Be’lakor have long occupied the throne of doomed, dynamic, melodic death metal. Coherence proves that their reign is far from over.

Release date: October 29, 2021 | Napalm Records | Facebook | Buy/Stream

A lot has happened in the last five years. I’m not going to be pedantic and list all the major world events that occurred in that time, but what I will say is that my musical taste has evolved a lot since Be’lakor last released an album. 2016’s Vessels was a great album from a band that sort of owns the mid-paced, riff-heavy melodic death metal, and upon its release, I was quite smitten with it, loving the thematic throughline and narrative that it so cleverly delivered. Well, after half of a decade of waiting for a follow-up, Coherence has emerged.

This band occupies a very specific space in metal, insomuch that really no one sounds like them at all. Nearly every aspect of the band is trademarked; the guttural-yet-listenable vocals, the guitar tone, and a riffing style that’s instantly recognizable. They’re also great storytellers. I’m glad to say that all of these elements are still present and shine on Coherence. From the opening notes of “Locus”, I was reminded why I have followed this band for years. It’s an epic introduction to an album that I’ve waited five years for, and it’s both satisfying and tantalizing. Be’lakor’s songwriting skills are peerless in the genre, as they push and pull and play with dynamics and atmosphere better than anyone else in the melodic death metal space. Each song is a journey, and one worth taking at that. To open the album with a nearly 11-minute song is a confident move, but if you can do it and not bore me, I see no hubris.

In true Be’lakor fashion, a lot of these songs are quite lengthy, which is another thing that puts them in a category all their own. To classify most bands as just one genre or style is usually oversimplifying, but in the case of these Aussies, it’s even more complicated than that. There are elements of doom, progressive, and some light black metal influences here and there. Then throw in a hearty dose of piano, and you’ve got quite the stew going. “Foothold” is a great example of what makes this band a unicorn, on top of already being a fantastic track. It really can’t be overstated how great Be’lakor are at dynamics and writing songs that are heavy, beautiful, and engaging.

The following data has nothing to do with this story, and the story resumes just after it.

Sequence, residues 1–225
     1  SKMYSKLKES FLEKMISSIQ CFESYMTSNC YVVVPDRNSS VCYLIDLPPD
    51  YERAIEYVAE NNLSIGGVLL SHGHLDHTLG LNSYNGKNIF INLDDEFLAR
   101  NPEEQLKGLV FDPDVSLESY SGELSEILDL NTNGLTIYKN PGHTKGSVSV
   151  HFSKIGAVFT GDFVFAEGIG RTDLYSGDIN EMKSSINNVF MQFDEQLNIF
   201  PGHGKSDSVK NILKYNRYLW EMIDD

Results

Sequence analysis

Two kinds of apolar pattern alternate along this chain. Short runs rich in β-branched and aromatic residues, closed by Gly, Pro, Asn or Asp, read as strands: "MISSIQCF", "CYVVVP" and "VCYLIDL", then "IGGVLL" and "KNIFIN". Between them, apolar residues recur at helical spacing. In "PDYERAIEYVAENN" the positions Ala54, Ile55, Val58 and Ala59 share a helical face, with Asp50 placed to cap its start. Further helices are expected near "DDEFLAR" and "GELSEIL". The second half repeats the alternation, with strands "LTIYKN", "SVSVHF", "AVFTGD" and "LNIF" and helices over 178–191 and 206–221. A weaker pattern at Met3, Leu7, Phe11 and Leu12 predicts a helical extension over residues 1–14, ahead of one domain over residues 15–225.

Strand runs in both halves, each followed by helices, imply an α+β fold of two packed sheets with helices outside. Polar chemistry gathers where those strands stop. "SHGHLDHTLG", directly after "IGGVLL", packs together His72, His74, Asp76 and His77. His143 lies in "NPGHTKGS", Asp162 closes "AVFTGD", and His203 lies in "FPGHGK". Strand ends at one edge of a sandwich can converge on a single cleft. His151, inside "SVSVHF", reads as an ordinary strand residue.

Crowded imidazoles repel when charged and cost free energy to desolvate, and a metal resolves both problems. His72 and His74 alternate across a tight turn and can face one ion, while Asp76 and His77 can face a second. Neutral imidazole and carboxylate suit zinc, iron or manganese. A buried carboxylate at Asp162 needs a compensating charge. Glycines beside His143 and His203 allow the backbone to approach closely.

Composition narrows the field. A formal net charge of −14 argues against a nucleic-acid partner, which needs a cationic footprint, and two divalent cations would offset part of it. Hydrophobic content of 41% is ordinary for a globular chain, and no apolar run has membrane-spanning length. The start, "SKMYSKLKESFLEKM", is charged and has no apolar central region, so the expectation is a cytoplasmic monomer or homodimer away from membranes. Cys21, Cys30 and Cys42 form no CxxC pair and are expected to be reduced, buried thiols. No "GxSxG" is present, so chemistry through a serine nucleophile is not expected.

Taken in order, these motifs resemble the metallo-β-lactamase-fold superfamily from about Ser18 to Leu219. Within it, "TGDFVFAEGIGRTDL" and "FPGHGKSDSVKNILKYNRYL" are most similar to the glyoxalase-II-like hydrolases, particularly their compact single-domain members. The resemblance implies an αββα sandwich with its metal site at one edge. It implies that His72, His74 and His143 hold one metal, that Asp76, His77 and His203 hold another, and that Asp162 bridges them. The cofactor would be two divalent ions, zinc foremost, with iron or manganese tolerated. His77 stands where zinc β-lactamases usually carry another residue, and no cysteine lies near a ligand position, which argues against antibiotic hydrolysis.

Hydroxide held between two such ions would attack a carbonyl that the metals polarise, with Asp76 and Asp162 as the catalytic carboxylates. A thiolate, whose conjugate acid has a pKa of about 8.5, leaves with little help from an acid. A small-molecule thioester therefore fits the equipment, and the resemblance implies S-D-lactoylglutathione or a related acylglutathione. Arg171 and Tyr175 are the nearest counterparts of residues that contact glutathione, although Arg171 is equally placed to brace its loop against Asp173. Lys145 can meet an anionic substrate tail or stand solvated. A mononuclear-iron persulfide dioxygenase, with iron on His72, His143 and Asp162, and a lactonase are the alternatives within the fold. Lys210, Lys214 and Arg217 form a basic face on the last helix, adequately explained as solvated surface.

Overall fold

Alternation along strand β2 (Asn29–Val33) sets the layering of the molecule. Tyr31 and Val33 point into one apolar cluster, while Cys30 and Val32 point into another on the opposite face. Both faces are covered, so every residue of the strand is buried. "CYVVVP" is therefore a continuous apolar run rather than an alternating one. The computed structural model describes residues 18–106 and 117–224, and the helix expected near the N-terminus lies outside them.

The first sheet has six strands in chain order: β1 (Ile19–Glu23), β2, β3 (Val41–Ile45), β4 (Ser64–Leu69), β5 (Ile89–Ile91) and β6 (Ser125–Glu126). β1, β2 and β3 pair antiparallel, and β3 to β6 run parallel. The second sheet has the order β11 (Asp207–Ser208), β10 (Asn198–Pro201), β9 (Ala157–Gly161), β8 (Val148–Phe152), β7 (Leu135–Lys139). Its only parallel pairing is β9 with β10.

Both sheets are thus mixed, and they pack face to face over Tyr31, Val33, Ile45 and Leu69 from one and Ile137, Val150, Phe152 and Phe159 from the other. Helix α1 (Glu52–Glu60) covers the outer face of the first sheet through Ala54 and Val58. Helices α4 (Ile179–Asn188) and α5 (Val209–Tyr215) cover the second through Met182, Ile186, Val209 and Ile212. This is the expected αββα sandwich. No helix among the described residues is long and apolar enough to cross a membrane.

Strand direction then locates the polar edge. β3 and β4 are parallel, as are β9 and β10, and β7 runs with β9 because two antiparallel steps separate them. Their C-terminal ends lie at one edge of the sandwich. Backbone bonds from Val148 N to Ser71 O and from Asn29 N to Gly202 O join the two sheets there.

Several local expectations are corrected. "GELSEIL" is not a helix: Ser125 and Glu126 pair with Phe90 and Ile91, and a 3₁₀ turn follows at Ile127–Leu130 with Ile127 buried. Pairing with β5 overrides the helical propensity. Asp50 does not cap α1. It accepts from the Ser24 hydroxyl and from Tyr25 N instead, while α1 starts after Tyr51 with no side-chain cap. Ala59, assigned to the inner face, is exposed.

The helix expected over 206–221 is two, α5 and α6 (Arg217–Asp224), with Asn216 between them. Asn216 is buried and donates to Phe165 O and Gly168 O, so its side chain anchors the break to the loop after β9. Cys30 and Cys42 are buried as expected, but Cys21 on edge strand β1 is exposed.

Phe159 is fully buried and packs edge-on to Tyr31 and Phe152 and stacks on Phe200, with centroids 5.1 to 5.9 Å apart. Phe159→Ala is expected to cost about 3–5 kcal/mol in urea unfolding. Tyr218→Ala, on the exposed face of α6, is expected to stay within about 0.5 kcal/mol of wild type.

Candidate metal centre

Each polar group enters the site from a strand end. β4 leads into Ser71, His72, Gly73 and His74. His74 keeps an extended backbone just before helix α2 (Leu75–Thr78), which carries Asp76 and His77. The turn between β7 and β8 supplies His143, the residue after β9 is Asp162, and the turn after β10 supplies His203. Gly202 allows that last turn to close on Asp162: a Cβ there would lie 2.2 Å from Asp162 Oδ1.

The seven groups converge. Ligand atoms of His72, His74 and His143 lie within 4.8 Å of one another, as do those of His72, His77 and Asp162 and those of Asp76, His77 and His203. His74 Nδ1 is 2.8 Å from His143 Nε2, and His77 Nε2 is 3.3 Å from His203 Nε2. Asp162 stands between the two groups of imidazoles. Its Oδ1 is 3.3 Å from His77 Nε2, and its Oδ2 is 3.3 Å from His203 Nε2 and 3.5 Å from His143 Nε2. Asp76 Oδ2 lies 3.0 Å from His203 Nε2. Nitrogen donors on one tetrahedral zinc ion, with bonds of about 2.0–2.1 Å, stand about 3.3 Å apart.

Coherence also finally gives us a proper instrumental song from this band; a long-overdue delivery if I do say so myself. “Sweep of Days” is a gorgeous tune that utilizes all of the band’s strengths. Some might wonder why a band such as this, after a five-year gap between albums, would give up the space on an album for a track without vocals, especially when theirs are so great. Well, the fact of the matter is that with a band as skilled as this, they can tell stories however they choose, and I think it’s a brilliant addition to the tracklisting and serves as a bit of a bridge to the second half of the album, where things get heavier and deeper. We of course still have some interlude-esque tracks in the form of “Indelible” and “The Dispersion” that serve the album’s pacing as well and are gorgeous in their own right.

As the album lurches toward the end, the tone darkens a bit with tracks like “Hidden Window” and the closer “Much More Was Lost”. The latter is the album’s opus and microcosm all in one, being the lengthiest track at over 12 minutes, not to mention the heaviest and still most dynamic. The little moments that let you breathe also remind me of the tiny thrusters on a spacecraft that keep the orientation and trajectory on track. It’s a massive song that closes a massive album in perfect fashion.

It’s tough to sort out where Coherence will land for me in relation to the rest of Be’lakor’s catalog. However, what is properly sorted is that Coherence is an album that was entirely worth the wait – they’ve once again delivered a piece of art that no one else can replicate, dense, dynamic, heavy, and gorgeous. While there’s been no shortage of great records out this year, especially in the metal sector, I think Coherence will land on plenty of end-of-year lists. It may well end up on mine.

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